The point of UMA is one of abstraction. A cellular service provider's systems that deliver content and handle mobility may not be aware that a subscriber's phone is on a UMA network. The system may instead assume the phone is on a GSM network just like any other.
A non-exhaustive list of products and services available on UMA includes not only voice services, but also supplementary services like call forwarding and call waiting, text messaging services like SMS, and data based services like ring-tone downloads, game downloads, picture messaging, email, and web browsing.
Instead of using towers broadcasting on licensed spectrum, UMA takes the familiar GSM system protocol, encapsulates it into Internet protocol packets and uses the Internet as a transport to deliver those to the cellular service provider's mobile core network bypassing the existing network of radio towers. Because GSM protocols are used both in the traditional radio tower and the IP network, the cellular service provider maintains a large degree of system compatibility while using the Internet to provide its services.
- Example UMA Network
The following description applies to the use of cellular telephones and other wireless devices in a fixed-mobile converged network. The fixed-mobile converged network consists of at least one fixed network topology and at least one mobile network topology. An example fixed network topology is an Internet Protocol (IP) network topology. An example mobile network topology is a Cellular Telephone based network topology (e.g., CDMA, TDMA, GSM, etc.). The UMA Network that is described below is provided as one example IP network topology. In light of the present disclosure, one of skill will understand that the converged network has benefits in a variety of converged networks that include but are not limited to UMA Networks.
FIG. 1A is an illustration of a system that combines a cellular telephone network with a UMA network. The described system (100) is arranged to accept registration requests and call connections from a mobile subscriber (MS) handset (10) to either a cellular telephone network, or to a UMA network.
The example cellular telephone network includes one or more base transceiver stations (BTS 120) that are configured to accept cellular communications (112) from MS handset 110. The private network can include a variety of private connections such as T1 lines, a wide area network (WAN), a local area network (LAN), various network switches, to name a few. BSC/RNC 176 controls network communication traffic to the Carrier Network (190), where all communications are managed. An example Carrier Network (190) includes a mobile switching center (MSC 192), which is arranged as part of the core network for the carrier to control data/call flows, perform load balancing, as well as other functions. A variety of databases are also accessed in the Carrier Network such as (e.g., OSS 194, BSS 196, and HLR 198), for billing, call logging, etc.
The example UMA network includes an access point (AP 140) or multiple access points that are arranged to accept IP communications (114) from MS handset 110. AP 140 can be configured as part of a wireless network in one or more locations such as a public network (142), a home network (144), or a private business network (146). Each access point (AP) is coupled to an Internet protocol (IP) network (150) through a broadband connection. Many access points in a home setting also include IP routing capabilities. IP Network 150 is arranged to route IP packets that carry UMA calls (data, voice, SMS, etc.) between the APs and the security gateway (SGW 171). The security gateway controls access to the UMA network controller (UNC 166), which is arranged to communicate with a UMA database (UMA dB 168) for logging and accessing various data associated with UMA calls. UNC 166 is also arranged to communicate with the Carrier Network (190) similar to the BSC/RNC.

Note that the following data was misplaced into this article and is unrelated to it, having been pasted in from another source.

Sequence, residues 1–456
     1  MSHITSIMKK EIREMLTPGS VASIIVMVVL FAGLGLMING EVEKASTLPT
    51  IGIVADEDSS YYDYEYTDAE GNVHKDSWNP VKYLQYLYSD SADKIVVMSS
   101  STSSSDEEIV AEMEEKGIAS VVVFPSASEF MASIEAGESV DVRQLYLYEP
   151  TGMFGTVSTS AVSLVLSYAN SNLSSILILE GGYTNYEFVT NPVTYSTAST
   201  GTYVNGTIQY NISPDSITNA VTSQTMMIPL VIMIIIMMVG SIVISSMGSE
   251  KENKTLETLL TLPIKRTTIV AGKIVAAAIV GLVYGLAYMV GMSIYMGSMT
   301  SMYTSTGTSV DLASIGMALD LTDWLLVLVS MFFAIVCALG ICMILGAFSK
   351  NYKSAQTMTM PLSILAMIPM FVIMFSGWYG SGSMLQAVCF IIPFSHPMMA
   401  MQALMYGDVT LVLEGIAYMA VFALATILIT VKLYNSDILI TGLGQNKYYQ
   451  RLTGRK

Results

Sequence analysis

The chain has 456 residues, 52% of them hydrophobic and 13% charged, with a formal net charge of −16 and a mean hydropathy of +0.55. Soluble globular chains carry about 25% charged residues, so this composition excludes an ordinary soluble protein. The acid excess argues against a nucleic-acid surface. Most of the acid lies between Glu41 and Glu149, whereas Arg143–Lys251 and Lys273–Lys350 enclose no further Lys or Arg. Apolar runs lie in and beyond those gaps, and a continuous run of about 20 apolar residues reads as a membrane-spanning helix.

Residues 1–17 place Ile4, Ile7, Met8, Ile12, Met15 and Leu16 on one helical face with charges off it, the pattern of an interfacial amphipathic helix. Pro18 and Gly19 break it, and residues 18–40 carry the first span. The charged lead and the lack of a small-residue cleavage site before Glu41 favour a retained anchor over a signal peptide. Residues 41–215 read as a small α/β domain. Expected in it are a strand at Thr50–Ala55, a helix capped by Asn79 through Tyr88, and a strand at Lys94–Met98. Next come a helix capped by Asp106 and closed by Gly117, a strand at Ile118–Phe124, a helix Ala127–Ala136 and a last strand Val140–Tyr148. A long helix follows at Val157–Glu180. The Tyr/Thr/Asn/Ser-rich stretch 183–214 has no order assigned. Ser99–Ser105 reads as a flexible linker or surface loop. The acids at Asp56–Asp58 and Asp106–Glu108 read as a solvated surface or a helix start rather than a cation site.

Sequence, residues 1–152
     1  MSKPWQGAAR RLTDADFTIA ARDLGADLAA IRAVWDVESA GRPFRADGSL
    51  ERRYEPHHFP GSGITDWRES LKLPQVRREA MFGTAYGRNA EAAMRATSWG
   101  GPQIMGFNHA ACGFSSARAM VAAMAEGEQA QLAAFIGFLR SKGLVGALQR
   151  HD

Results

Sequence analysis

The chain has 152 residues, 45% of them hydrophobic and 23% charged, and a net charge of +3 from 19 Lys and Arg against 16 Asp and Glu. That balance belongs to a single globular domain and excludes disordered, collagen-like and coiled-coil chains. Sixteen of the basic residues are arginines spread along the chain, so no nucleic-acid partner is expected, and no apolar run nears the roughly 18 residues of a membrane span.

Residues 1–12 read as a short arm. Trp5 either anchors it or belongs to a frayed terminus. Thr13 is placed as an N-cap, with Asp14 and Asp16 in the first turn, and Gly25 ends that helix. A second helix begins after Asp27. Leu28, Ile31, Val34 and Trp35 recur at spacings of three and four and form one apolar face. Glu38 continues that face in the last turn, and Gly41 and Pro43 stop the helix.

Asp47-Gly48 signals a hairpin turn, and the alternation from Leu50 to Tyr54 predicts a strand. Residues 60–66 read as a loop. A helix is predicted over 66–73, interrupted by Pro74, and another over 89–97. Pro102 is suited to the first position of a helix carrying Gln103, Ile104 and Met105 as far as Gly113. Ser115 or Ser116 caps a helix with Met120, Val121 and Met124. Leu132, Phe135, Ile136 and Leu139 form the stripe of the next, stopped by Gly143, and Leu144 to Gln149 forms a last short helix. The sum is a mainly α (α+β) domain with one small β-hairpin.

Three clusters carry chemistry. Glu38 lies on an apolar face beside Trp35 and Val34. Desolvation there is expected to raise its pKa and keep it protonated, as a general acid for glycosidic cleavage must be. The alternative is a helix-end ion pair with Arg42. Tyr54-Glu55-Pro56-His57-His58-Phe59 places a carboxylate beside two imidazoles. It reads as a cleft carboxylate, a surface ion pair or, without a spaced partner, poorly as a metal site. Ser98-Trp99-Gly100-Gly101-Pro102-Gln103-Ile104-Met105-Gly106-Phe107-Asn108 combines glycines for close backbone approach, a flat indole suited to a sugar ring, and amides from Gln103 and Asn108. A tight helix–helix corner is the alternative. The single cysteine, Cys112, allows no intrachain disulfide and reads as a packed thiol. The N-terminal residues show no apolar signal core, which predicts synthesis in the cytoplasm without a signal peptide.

Authentication is handled by the security gateway (SGW 171), which is arranged to communicate with an authentication and access authorization (AAA) module (172) as shown in FIG. 1A. Challenges and responses to requests for access by an MS handset (110) are communicated between HLR database 198 and the AAA module 172. When authorization is granted, SGW 171 is arranged to communicate the assignment of a GAN IP address to MS handset 110. Once the GAN IP address is passed to MS handset 110 by SGW 171, the public IP address assigned to the handset is passed to the UNC.
FIG. 1B illustrates another example system that combines a cellular telephone network (or Carrier/Mobile Network) with a UMA network. The described system (100′) is again arranged to accept registration requests and call connections from a mobile subscriber (MS) handset (110) to either a cellular telephone network (not shown), or to a UMA network.
The example UMA network includes one or more access points (AP 140) that are arranged to accept UMA communications (114) from MS handset 110 via an IP connection. Each access point (AP) is again coupled to an Internet protocol (IP) network (150) through a broadband connection. IP Network 150 is arranged to route UMA calls (data, voice, SMS, etc.) between the APs and a security gateway (SGW 171). The security gateway (SGW 171) controls access to the UMA network controller (UNC 166), which is arranged to communicate with a UMA database (not shown) for logging and accessing various data associated with UMA calls. SGW 171 via AAA module 172, as previously described, handles authentication, access, and authorization.